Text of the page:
Free-market competition has been ‘reforming’ health care for decades

As the Obama administration appears ever-more willing to accept a health-reform plan absent a government-backed insurance option, it’s worth noting how well competition within the private insurance marketplace has kept plans affordable in recent years. Here’s a hint: it hasn’t.

Although figures for Colorado are yet to be released, insurance rates in other states tell the tale. In Virginia, insurance premiums have jumped 3.4 times faster than earnings since 2000, according to a report to be released tomorrow by Families USA, an advocate for health-care consumers. The group is tracking trends in states coast to coast. North Dakota, for example, has seen insurance premiums jump 94 percent since 2000, while earnings have risen only 35 percent, the group found. In Florida, median incomes increased just 27 percent this decade while the cost of health coverage skyrocketed 98 percent. The list goes on.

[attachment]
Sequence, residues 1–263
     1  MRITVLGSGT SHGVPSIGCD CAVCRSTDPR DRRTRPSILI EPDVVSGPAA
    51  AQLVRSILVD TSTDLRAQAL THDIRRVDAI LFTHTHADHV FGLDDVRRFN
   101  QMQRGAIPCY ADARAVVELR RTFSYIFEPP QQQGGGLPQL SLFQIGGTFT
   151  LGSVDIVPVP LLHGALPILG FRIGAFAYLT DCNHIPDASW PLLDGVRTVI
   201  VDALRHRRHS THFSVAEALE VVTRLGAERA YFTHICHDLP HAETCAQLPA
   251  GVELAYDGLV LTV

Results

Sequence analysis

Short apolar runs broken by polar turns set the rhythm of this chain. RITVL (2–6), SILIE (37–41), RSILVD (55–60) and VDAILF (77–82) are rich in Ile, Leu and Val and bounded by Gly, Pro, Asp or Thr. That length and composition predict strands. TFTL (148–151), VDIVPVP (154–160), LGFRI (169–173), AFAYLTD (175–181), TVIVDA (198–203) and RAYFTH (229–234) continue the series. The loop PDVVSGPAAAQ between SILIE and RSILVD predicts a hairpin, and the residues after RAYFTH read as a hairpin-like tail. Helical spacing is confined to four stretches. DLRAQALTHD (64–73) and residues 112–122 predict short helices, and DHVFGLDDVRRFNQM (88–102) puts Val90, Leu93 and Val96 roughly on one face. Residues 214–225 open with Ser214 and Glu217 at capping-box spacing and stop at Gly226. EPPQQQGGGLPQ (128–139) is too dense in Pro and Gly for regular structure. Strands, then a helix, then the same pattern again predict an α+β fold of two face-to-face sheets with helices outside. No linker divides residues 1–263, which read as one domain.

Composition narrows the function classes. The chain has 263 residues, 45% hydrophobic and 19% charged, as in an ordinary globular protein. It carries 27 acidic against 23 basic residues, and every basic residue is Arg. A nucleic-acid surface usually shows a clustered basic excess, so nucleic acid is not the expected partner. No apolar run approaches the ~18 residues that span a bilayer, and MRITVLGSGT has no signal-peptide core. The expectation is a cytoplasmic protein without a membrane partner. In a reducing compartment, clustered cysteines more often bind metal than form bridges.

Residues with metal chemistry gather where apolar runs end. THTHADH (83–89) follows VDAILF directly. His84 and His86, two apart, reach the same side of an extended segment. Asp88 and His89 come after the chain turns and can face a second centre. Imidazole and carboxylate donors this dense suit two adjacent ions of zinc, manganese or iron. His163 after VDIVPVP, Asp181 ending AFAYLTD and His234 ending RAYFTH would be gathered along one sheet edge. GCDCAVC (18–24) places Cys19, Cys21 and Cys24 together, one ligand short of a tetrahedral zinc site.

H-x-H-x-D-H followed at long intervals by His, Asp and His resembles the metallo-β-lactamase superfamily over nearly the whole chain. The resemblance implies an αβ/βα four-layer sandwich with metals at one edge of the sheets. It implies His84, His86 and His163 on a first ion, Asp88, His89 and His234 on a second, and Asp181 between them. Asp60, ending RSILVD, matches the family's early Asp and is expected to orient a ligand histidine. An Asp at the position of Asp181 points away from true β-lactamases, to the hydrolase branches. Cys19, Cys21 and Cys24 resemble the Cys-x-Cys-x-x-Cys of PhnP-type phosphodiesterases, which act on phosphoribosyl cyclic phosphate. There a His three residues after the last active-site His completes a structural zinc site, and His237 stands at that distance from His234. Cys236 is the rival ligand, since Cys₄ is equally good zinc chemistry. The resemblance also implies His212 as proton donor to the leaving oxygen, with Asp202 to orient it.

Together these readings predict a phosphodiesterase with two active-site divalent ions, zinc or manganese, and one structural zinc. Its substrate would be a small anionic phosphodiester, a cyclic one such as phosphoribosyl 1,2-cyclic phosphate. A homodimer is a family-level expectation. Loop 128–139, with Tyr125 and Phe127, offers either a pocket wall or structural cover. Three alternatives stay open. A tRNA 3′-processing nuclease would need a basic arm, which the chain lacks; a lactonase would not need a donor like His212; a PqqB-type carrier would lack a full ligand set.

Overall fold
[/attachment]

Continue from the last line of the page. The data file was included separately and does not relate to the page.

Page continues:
“Quite simply, America’s families are being priced out of health coverage,” Families USA warns.

The White House has said that the reform model matters much less than its ultimate effectiveness in providing competition and reining in coverage costs. Families USA has made a good case why the task shouldn’t be left to the voluntary efforts of the for-profit companies.

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Mike Lillis

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